Last year, Bristol-Myers Squibb shareholders knocked the company’s executive pay, with 42% voting against their 2015 compensation packages. Now, Bristol-Myers says it worked with top investors last year to craft a new set of rules for 2016.
We’ll have to wait for next year’s proxy filing to see how those new rules shift the numbers. In the meantime, let’s take a look at how the company’s top execs fared after shareholders approved their pay structure by only an 8-percentage-point margin.
Recently minted CEO Giovanni Caforio garnered $15.64 million for the year, with increases in his base salary–to $1.29 million from $916,000–and incentive pay, which rose to $3.5 million from $2.12 million the year before.
It was his stock awards that really took a leap, however, to $10.4 million, more than double the $4 million he racked up in 2014. His total pay doubled from just $7.25 million.
To be fair, Caforio spent 2014 lower down on the Bristol-Myers org chart, half as EVP and chief commercial officer, half as COO. His lower pay that year reflected that. But he also spent one-third of 2015 as COO, until he took the helm in May. And that means his 2015 package reflects just part of what he might have earned as CEO for the full year.
Former chief Lamberto Andreotti was on his way out the door in 2015, so he collected far less in 2015 than the year before: just over $8 million, compared with $27 million-plus in 2014. His compensation declined in almost every category, with the biggest change in stock awards; those plummeted to $3.6 million from $18 million.
Andreotti, a longtime Bristol-Myers exec, served as CEO from 2010 till last year, and while he was in charge, he consistently ranked among FiercePharma’s highest-paid CEOs in biopharma. This year’s proxies are still rolling in, so it’s not yet clear whether Caforio’s 2015 pay will make the cut. He might: In 2014, the cutoff for the FiercePharma top 20 was Amgen CEO Robert Bradway’s $13.96 million.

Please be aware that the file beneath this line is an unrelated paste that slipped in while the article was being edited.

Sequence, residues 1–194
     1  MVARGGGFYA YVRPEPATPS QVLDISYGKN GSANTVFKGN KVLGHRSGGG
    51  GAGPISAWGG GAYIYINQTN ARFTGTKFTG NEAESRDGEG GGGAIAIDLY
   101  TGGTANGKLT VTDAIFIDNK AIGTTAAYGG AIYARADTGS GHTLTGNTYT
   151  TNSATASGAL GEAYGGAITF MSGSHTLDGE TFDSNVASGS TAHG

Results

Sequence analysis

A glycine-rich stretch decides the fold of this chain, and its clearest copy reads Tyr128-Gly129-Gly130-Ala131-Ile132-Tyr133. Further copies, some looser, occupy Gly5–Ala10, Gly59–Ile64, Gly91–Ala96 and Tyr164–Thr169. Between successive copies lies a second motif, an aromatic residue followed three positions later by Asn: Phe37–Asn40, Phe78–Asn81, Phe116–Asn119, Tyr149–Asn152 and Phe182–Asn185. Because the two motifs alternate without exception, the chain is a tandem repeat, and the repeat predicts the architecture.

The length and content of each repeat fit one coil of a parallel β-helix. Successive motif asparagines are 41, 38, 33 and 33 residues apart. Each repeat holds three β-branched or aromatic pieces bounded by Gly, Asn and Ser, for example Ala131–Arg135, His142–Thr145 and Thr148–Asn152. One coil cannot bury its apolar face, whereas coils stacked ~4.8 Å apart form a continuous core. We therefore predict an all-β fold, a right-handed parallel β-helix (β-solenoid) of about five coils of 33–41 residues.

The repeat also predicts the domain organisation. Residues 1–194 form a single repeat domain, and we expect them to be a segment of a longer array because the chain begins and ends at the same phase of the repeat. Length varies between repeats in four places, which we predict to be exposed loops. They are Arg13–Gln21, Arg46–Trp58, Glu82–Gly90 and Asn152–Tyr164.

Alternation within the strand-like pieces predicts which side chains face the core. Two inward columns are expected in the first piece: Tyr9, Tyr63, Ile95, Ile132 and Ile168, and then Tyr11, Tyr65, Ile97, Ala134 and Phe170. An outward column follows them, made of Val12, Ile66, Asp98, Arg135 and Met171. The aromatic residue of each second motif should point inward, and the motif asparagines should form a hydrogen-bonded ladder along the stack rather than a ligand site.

Bristol-Myers doesn’t say whether shareholders were upset about the exec-pay totals. The only change to cash compensation for 2016 is a lower annual incentive-pay target to 200% of Caforio’s base pay, rather than the 251% previously.
Most of the shifts are designed to weight incentive pay more toward long-term targets than short-term numbers. Rather than using non-GAAP EPS as a goal for both annual incentive pay and long-term equity awards, for instance, the company scrapped that metric for long-term payouts in favor of operating margins. And overall, long-term pay now measures 3-year performance levels, rather than one year only.
The company also responded to demands for more transparency in compensation decisions by setting forth specific performance goals executives are looking to hit–determining their pay–rather than using more general terms.
That’s not to say that Bristol-Myers is apologizing across the board for its previous pay policies. The big share awards for 2015, for instance, “appropriately reward our executives for their outstanding performance and the value created for shareholders in a year of unprecedented achievement and delivery for our patients.”
One of those achievements was a big one–continuing its blockbuster launch on the cancer immunotherapy Opdivo, which analysts expect to lead the PD-1/PD-L1 checkpoint inhibitor field to become one of the world’s top-selling drugs in 2020.
By Tracy Staton
Source: Fierce Pharma
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